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Opinion

Editorial: Punishment is the only reason to send former L.A. County Sheriff Lee Baca to prison. That’s reason enough

Lee Baca
Former L.A. County Sheriff Lee Baca and his wife, Carol Chiang, arrive at federal court in Baca’s 2017 obstruction of justice trial. Baca has been ordered to report to prison to begin his sentence by Feb. 5.
(Los Angeles Times)

Let us suppose that an elderly man commits a crime — a nonviolent crime, but a serious one — and is sentenced to three years in prison. His cognitive abilities are failing, and there is some question as to whether he will remember why he’s being punished. Taxpayers will cover the costs of his medical care, his housing and his upkeep while he’s locked up.

Prison will not rehabilitate him; he will never again be in a position to cause the kind of harm he caused when committing his crime. At his age and in his condition he is statistically unlikely to commit any other kind of crime. Because he poses no harm his incarceration will protect no one. He has been publicly disgraced. Perhaps people thinking of following his criminal example will be dissuaded by his prison sentence, but it’s equally likely that they will not.

There remains only one rationale for requiring him to report to prison instead of living out his remaining years in his own home and at his own expense: retribution. Not vengeance, but punishment purely for the sake of punishment.

Why are we ruminating on this? Because of the imminent incarceration, after years of appeals, of former Los Angeles County Sheriff Lee Baca, who was convicted in 2017 of obstruction of justice and conspiracy for his role in keeping an inmate-informant out of the reach of his FBI handlers and away from a grand jury. Baca, who has been diagnosed with Alzheimer’s disease, surely poses little threat in the future. Yet he has been ordered by a federal court to report to prison by Feb. 5.

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Of the reasons for criminal punishment — restitution, incapacitation, rehabilitation, specific deterrence (to change the criminal’s behavior), general deterrence (to persuade others not to do the same thing), retribution — the most primitive, certainly, is retribution. When meted out, it improves nothing, it prevents nothing, but it touches a primordial spot in the human psyche. It is what aggrieved people and societies generally mean when they demand “justice.” If it is measured, limited, balanced with mercy, it can play a part in a complete system of justice.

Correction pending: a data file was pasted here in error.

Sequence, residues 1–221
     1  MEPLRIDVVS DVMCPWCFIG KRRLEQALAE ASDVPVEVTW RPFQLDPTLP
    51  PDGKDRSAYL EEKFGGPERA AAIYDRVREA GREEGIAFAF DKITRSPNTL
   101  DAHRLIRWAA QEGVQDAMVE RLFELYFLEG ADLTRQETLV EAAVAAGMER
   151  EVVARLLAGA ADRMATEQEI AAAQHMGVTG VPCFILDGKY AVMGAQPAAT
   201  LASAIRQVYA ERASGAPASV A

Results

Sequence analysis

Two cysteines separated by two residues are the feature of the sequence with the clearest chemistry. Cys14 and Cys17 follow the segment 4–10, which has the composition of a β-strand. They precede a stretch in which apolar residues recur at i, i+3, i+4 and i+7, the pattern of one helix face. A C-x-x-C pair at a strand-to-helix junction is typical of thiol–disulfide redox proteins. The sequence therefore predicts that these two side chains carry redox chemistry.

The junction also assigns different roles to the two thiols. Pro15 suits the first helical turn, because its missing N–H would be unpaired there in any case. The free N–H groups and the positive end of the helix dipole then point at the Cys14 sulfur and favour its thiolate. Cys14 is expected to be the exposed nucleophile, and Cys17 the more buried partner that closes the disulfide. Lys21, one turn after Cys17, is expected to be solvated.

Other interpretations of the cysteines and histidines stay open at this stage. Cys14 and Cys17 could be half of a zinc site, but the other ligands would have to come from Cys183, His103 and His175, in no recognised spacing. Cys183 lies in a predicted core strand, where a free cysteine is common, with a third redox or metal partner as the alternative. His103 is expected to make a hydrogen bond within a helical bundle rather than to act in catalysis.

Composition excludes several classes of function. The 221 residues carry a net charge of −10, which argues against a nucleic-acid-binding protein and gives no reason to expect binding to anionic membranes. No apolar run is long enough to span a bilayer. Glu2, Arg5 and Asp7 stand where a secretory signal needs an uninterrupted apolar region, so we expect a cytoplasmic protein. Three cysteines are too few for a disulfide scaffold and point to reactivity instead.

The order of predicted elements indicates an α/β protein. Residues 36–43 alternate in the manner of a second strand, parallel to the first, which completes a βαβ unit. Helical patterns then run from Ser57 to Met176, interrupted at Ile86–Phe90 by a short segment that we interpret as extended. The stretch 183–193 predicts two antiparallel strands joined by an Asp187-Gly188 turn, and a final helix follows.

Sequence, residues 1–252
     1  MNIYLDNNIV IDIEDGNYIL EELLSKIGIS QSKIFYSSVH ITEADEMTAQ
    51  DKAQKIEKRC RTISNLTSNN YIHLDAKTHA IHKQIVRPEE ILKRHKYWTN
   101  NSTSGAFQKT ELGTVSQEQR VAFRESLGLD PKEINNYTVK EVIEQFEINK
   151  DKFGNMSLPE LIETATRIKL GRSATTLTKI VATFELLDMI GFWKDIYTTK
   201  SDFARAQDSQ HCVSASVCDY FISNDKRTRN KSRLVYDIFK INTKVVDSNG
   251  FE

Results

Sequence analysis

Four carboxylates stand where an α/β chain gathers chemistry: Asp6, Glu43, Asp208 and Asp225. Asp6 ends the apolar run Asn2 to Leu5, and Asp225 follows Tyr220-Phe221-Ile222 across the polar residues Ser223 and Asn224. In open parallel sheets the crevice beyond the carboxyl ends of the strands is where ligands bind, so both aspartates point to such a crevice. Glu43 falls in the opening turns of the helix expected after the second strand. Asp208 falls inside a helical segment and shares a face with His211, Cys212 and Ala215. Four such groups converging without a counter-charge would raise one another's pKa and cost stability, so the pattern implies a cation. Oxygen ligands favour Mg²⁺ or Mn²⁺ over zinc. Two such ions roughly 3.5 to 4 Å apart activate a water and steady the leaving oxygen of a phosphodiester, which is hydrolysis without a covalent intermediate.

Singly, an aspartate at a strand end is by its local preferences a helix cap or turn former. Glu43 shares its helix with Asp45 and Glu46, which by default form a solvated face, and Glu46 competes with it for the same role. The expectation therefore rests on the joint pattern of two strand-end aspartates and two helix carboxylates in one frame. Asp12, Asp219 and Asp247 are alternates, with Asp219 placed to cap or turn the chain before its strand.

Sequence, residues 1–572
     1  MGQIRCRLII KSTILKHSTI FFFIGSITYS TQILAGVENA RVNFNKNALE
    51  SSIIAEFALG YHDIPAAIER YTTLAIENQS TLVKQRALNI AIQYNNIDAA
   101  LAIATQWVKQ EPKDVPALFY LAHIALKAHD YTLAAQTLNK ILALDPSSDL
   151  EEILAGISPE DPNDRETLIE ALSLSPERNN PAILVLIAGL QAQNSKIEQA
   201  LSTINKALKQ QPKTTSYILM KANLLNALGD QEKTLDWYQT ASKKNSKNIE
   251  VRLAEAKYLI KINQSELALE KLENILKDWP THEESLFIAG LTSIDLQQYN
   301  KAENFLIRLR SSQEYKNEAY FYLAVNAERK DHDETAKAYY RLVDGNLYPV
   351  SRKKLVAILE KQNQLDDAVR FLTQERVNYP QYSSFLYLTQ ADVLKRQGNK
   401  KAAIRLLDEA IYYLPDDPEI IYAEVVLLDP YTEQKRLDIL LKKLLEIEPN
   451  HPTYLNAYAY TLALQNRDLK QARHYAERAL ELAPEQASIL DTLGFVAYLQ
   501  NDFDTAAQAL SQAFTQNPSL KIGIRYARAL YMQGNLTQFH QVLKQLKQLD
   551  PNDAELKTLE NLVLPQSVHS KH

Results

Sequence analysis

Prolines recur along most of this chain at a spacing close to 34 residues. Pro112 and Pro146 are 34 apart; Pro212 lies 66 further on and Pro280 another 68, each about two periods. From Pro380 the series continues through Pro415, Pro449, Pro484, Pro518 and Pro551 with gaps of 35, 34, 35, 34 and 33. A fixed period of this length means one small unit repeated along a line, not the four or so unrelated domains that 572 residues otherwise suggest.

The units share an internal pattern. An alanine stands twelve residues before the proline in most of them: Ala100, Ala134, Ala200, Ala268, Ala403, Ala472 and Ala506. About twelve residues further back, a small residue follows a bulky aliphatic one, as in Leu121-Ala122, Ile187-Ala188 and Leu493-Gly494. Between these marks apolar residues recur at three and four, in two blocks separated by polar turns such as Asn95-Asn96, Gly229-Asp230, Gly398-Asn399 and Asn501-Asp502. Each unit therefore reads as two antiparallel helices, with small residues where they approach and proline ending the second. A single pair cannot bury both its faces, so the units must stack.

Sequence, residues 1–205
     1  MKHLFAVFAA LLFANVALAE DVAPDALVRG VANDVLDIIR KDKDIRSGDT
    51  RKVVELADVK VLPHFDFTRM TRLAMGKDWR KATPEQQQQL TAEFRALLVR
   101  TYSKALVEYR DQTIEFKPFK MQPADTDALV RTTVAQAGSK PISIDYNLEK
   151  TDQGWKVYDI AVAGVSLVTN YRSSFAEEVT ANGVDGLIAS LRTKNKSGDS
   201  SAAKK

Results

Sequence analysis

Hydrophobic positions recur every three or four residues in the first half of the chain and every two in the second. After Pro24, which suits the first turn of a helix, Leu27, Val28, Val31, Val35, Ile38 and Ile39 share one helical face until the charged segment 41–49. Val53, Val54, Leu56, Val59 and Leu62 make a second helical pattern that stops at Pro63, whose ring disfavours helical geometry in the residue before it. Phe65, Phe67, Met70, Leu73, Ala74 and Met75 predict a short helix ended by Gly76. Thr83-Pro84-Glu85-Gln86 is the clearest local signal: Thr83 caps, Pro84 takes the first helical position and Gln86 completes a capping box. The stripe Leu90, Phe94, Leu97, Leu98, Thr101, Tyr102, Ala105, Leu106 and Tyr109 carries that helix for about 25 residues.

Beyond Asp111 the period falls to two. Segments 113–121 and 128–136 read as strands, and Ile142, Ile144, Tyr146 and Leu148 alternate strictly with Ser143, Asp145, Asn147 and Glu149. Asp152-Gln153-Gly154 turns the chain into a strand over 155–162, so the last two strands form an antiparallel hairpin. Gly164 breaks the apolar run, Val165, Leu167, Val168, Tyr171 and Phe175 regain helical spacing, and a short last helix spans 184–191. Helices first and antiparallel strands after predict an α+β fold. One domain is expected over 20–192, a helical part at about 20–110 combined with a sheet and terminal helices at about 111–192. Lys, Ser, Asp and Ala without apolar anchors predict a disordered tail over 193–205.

Punishment for its own sake is sometimes seen as being at odds with a more progressive, pragmatic and enlightened approach to criminal justice. Desire for retribution brought us gratuitously long sentences, mandatory minimums, prison terms far out of proportion to the crimes they purported to punish.

A defining question in an era of criminal justice reform is whether our society still ought to include retribution as one response to crime.

One steady theme of criminal justice reform is that prison should be reserved for those who could cause us harm or those whose behavior it could improve. It is an argument not just from the political left, but from the right as well. In a 2014 Times op-ed, Newt Gingrich and B. Wayne Hughes Jr. of the conservative reform group Right on Crime wrote:

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“Prisons are for people we are afraid of, but we have been filling them with many folks we are just mad at.”

We understand that argument. And certainly there are people in our prisons who no longer belong there. Some should be released because they’re sick or are no longer dangerous or are otherwise deserving of compassion, and it no longer makes sense to hold them.

But consider Baca’s case. As sheriff, he was in a position of considerable power over thousands of inmates, his own deputies and, for a time, federal investigators. He abused that power to block an investigation into the beating of inmates. Nearly a dozen deputies and other sheriff’s officials were convicted and went to prison over the course of the investigation that also targeted Baca. The currently imprisoned include Paul Tanaka, Baca’s onetime undersheriff.

Baca is sick and elderly, it is true. But he and others who abuse their considerable power to harm others must be brought to account or otherwise leave us with a nagging sense that they evaded justice. For Baca to go free would be an indictment of a system that turned a blind eye for too long to the jail violence, the corruption and the misuse of high office. As Baca goes to prison, the resolution somehow seems simultaneously fitting and excessive, satisfying and unsettling, just and gratuitous. It is not a perfect outcome, but it is perhaps the best conclusion that human wisdom, with all its failings and inconsistencies, can provide.


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